Retail Transformation

Hands holding plastic credit card and using laptop. woman using laptop in home. using laptop internet.

Since the early days of the Internet, pre-dot.com crash, web sites for online shopping have been available. Early Internet users were reluctant to type in their credit card information, but over the last few years online shopping is really taking off. Not only is this format of shopping becoming common but it is kind of expected. Retailers that don’t have at least an online presence are at risk. Retail is transforming and store owners need to adapt.

Over the Thanksgiving holiday season in the US in November 2016, more people shopped online than in retail stores. According to CNBC, the National Retail Federation in the US reports that more than 108 million purchased electronically, while only 99.1 million bought in stores. In 2015, approximately 103 million shopped online while 102 million bought in-stores. Link.

Statista reports increase in online shopping, with most of the increase in using a smartphone to shop.

Infographic: Thanksgiving Weekend E-Commerce Roundup | Statista

There are some factors that are attributing to these trends. Of course, people are more digital today and expect services to be online. And there are more shoppers with access either with computers or smartphones. There are also other factors, One is trust. More people are trusting e-commerce sites because they simply work well, they are convenient, safe and secure. In the early Internet, the last thing many people would do was to put their payment information on some Internet web site they had never heard of. Web sites are getting better with good product description and fast and easy way to check out the products.

Not surprisingly, it turns out that people who make an order and get their products within the same day at a specified time, will order again much sooner than those who get their stuff at an unknown time in the next couple of days. With better logistics management of delivery services, getting products to consumers is becoming faster and easier – this is the Uber effect. Delivery is controlled by real-time software.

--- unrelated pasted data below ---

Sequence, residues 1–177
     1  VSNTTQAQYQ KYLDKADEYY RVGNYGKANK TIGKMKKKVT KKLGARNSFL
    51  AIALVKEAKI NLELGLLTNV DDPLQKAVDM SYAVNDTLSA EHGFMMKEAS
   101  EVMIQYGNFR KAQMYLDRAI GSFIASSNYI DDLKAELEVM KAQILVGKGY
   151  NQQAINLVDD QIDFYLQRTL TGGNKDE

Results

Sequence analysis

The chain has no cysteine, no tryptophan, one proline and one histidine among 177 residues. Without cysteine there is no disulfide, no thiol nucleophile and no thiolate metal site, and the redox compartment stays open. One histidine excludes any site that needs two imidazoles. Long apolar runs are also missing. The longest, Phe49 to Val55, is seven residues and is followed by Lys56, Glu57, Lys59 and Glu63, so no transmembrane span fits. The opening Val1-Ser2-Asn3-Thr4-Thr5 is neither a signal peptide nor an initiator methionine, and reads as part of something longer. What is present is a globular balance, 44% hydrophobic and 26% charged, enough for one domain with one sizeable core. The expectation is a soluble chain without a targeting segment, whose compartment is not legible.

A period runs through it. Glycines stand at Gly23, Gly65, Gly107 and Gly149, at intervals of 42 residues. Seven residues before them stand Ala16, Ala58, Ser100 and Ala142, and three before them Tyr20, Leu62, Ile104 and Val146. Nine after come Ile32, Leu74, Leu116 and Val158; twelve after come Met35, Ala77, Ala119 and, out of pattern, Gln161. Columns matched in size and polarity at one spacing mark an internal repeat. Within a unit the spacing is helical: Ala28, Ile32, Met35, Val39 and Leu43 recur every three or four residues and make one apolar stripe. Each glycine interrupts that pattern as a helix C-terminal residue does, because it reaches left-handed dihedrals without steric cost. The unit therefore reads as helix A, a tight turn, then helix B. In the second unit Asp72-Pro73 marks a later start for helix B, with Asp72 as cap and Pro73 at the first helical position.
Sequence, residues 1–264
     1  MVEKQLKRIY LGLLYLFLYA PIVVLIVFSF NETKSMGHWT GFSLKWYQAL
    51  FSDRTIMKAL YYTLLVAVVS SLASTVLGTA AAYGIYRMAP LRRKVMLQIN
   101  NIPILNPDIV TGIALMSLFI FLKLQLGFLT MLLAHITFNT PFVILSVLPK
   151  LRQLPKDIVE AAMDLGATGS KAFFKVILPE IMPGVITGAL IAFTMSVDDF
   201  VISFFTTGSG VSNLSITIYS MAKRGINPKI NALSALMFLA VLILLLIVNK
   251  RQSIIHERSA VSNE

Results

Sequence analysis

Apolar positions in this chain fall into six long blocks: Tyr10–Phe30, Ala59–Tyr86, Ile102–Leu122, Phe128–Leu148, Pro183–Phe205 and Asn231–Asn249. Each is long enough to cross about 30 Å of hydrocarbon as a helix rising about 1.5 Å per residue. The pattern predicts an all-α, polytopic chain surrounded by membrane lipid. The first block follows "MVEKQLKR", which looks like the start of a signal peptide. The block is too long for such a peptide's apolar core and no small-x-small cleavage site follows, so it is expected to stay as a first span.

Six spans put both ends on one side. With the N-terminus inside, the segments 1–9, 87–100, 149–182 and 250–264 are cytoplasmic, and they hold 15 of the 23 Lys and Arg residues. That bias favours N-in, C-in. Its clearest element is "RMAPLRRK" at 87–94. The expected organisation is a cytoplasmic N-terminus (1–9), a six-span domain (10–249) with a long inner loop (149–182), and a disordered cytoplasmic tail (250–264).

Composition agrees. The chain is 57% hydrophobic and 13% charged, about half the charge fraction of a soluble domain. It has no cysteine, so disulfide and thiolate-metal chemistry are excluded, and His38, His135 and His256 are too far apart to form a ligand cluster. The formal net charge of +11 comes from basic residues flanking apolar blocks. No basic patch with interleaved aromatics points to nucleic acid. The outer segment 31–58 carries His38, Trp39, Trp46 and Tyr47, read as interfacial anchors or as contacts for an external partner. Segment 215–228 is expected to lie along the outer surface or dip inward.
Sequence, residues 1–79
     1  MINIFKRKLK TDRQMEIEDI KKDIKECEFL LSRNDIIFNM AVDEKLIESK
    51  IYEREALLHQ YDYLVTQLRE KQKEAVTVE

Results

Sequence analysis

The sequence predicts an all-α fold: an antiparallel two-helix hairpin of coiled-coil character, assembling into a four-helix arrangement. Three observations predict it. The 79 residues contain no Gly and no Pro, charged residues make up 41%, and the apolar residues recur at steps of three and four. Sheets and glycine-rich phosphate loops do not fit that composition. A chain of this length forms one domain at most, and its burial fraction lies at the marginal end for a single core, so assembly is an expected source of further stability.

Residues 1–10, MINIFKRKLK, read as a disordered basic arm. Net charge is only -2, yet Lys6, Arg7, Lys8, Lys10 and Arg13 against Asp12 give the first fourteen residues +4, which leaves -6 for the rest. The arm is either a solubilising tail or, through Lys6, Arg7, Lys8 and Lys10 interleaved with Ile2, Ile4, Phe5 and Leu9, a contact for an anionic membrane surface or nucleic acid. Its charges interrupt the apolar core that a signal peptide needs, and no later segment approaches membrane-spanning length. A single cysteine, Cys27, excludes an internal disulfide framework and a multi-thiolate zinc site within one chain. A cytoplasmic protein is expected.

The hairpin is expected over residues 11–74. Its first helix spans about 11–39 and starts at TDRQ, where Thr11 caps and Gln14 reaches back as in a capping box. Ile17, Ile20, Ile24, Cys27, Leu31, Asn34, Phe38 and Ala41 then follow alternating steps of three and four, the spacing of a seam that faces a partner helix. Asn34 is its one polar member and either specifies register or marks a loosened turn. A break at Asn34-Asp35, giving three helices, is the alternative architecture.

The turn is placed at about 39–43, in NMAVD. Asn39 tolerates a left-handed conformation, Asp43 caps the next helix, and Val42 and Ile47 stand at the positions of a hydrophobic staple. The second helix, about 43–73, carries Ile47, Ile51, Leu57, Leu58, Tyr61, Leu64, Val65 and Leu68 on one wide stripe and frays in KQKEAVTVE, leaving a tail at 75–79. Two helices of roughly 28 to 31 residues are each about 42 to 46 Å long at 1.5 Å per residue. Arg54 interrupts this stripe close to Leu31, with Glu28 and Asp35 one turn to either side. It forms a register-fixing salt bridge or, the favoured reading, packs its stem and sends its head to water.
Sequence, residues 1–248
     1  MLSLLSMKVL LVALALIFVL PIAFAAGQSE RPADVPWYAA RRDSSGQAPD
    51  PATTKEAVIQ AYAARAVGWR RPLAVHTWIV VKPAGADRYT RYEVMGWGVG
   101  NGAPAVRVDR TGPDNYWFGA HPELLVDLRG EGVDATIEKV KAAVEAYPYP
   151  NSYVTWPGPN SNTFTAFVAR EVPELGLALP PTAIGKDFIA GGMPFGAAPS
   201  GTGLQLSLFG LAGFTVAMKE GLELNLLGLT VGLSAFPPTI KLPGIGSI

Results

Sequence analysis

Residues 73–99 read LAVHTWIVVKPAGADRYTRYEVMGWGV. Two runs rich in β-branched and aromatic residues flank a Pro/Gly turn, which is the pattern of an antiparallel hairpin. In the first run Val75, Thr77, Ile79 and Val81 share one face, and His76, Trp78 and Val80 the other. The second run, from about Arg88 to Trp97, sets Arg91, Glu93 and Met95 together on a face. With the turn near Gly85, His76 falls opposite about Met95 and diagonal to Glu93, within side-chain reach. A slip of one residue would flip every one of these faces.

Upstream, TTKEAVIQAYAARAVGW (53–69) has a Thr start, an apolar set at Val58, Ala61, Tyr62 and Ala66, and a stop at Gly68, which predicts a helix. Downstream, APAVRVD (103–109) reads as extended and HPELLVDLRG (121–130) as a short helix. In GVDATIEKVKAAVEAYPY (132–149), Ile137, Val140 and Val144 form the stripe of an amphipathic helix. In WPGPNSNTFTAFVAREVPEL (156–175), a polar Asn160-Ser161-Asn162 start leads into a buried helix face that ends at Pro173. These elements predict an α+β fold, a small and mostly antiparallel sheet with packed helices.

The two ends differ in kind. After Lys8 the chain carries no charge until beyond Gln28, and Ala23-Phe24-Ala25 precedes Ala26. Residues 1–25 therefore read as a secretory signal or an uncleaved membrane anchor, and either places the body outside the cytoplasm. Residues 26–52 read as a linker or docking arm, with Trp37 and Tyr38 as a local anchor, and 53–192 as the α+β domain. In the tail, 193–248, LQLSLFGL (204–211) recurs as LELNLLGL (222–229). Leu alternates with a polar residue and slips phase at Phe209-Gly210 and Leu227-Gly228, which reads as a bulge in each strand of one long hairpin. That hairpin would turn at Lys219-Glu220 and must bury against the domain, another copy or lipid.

Having an online presence – a web site, not just a simple Facebook page, is becoming vital to small store owners if they want to compete with online giants like Amazon or now Walmart. According to MineWise 81% of shoppers do research online before making a purchase decision. Link. The digital natives will first grab their phone if they want something. And if it is not there – it doesn’t exist anyways.

Retailers that serve a local market need not be at risk. They should adopt an offline/online strategy (sometimes called O2O or offline to online or the other way around) and view their store as an online store with a physical showroom. Customers will find them online and this has been shown to drive customers to their local store. However, retailers that emphasise aesthetic approach to store design are able to give customers better experience. Customers will come because they like the experience. And that is something that the global Amazons of the this world cannot easily compete with.

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